Duneland School Corporation

Building character in children is important

2014-01-23T00:00:00Z Building character in children is importantAntonino Cammarata, principal at Brummitt Elementary School nwitimes.com

We can all agree that educating young children to read, write, and perform arithmetic is critical to success in life. As parents and teachers we invest our time and effort in exposing children to letters, words, and numbers in order to prepare them for their adult lives.

As world demands increase, however, we know that our children need “a little more” in order to achieve this desired success. We can give them “a little more” by modeling and teaching them the process of building solid character. Character is simply thinking and acting by doing what is right. It isn’t always easy. It is, however, beneficial. Research indicates that positive character traits are the foundation of success in academics, home life, and the work world.

Character development begins at home and extends into the early school years with the three main character-building themes of respect, responsibility, and persistence. These three themes cross over from home to school quite easily.

Respect is initiated at home when parents teach their children to listen and follow through when asked to do simple tasks. Parents can model respect by establishing themselves as the authority figures responsible for the family’s welfare. Respect follows the same pattern at school. Students are required to address their teachers by Miss, Mr., or Mrs., perform the required academic tasks as directed, and communicate by raising hands and taking turns.

Responsibility starts at home as well. Establishing house rules early on is a great beginning. Give your children tasks they must complete on a regular basis – make the bed in the morning, pick up toys when playtime is finished, or set the table. As the child is ready to take on more responsibility, feeding the family pet can be added to the list. Children who have mastered routine jobs at home have a much easier entrance into school. They are able to follow classroom routines, have success with homework completion, and know how to ask for assistance when instructions are not clear to them. These are traits that travel with them through the grades as they learn to make good choices, act as solid citizens, and take on leadership roles.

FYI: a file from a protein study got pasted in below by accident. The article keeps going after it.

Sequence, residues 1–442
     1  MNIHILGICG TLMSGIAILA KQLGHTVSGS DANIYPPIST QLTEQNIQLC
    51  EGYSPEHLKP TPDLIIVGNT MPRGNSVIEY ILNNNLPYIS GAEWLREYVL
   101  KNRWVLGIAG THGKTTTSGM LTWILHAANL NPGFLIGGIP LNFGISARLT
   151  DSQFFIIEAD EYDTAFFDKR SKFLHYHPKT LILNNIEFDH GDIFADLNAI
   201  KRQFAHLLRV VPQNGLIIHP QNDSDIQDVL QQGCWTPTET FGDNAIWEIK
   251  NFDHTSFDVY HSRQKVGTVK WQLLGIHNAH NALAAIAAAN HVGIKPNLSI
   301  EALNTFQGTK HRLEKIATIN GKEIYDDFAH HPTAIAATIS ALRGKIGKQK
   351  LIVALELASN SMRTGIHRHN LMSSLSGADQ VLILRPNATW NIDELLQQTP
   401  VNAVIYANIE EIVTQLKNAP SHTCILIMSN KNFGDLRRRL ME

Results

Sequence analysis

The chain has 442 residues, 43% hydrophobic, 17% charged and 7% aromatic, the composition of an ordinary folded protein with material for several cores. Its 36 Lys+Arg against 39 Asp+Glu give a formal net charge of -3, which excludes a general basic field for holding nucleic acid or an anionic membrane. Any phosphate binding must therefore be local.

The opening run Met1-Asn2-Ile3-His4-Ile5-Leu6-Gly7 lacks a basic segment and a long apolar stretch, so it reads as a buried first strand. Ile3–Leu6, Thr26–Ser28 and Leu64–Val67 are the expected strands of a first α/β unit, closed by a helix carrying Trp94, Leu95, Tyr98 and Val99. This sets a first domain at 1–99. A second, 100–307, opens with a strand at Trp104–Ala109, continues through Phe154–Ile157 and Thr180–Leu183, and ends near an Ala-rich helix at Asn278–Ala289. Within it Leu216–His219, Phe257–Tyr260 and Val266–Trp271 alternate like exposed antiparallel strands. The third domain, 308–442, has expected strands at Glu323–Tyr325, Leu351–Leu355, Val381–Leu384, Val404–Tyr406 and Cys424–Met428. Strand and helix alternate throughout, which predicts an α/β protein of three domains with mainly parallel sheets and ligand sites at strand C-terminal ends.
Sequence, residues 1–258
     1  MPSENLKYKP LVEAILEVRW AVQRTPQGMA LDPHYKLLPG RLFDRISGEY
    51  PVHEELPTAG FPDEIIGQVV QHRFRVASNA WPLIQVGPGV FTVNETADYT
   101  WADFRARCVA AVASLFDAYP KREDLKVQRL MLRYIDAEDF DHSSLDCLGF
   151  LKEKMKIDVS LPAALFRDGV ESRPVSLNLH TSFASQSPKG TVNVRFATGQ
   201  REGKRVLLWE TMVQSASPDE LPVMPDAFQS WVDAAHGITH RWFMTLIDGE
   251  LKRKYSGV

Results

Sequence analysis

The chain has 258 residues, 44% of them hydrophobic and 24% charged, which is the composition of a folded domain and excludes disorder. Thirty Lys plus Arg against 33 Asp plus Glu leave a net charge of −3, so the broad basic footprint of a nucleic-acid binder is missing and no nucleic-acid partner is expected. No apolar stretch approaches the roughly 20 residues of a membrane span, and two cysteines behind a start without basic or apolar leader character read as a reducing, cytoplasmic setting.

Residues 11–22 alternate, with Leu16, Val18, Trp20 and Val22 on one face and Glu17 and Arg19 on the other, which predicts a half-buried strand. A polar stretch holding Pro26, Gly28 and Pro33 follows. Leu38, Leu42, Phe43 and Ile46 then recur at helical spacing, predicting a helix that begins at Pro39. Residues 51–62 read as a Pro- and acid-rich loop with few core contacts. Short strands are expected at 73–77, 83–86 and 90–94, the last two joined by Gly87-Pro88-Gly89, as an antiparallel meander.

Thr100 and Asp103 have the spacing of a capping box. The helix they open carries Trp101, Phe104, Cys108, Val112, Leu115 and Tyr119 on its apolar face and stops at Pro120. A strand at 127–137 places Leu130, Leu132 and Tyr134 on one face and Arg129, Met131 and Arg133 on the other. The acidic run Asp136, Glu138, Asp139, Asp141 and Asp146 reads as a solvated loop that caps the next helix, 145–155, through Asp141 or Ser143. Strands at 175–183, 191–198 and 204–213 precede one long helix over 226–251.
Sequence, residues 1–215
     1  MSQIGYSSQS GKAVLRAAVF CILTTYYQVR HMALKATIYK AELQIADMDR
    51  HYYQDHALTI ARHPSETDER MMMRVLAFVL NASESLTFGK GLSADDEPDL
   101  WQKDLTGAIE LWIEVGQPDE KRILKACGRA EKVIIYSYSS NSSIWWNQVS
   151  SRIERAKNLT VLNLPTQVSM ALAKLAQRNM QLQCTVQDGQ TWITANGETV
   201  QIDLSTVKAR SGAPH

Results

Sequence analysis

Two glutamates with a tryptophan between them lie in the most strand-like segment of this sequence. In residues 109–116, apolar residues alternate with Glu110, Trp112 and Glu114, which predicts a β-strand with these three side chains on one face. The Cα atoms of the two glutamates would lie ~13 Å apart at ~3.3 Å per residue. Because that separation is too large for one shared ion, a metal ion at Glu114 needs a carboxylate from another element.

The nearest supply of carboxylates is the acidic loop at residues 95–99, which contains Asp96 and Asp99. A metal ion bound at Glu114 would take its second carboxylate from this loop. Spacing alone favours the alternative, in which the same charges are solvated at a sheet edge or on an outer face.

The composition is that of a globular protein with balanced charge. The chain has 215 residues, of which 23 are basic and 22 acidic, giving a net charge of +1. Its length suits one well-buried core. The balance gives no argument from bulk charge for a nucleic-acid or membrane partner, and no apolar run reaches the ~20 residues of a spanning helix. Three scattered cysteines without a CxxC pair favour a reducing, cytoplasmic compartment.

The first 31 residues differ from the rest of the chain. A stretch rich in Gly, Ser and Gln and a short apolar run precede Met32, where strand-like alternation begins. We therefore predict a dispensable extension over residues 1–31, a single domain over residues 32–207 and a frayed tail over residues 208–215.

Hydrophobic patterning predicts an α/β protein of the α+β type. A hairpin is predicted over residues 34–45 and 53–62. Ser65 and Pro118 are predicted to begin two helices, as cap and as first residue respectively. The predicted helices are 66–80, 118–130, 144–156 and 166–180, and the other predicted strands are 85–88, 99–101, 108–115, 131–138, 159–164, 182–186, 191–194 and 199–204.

Persistence (working hard for a future reward) is probably the most difficult character trait to instill in some children. Young children enjoy playing so much that giving up play time to do a required chore often results in resistance and defiance. Parents need to discuss with their youngsters the importance of working hard – sacrificing immediate pleasures for long term goals. Modeling is the best teaching method – partner with your child through difficult tasks. Praise the child for the persistence and highlight the end result. As with responsibility, children who are already familiar with the process of working toward long term goals, have an easier time negotiating through difficult academic tasks. In the school environment, teachers will offer various strategies to achieve success – praise, sustained encouragement, peer mentoring or tutoring. Children learn to equate the persistence involved with their hard work to achieving academic success.

The themes of respect, responsibility, and persistence are the keys to successful adult lives. When these themes are promoted both at home and in school, our children are given the maximum opportunity to develop their individual potential for happy, healthy, successful adult lives.

This column solely represents the writer's opinion.

Copyright 2014 nwitimes.com. All rights reserved. This material may not be published, broadcast, rewritten or redistributed.



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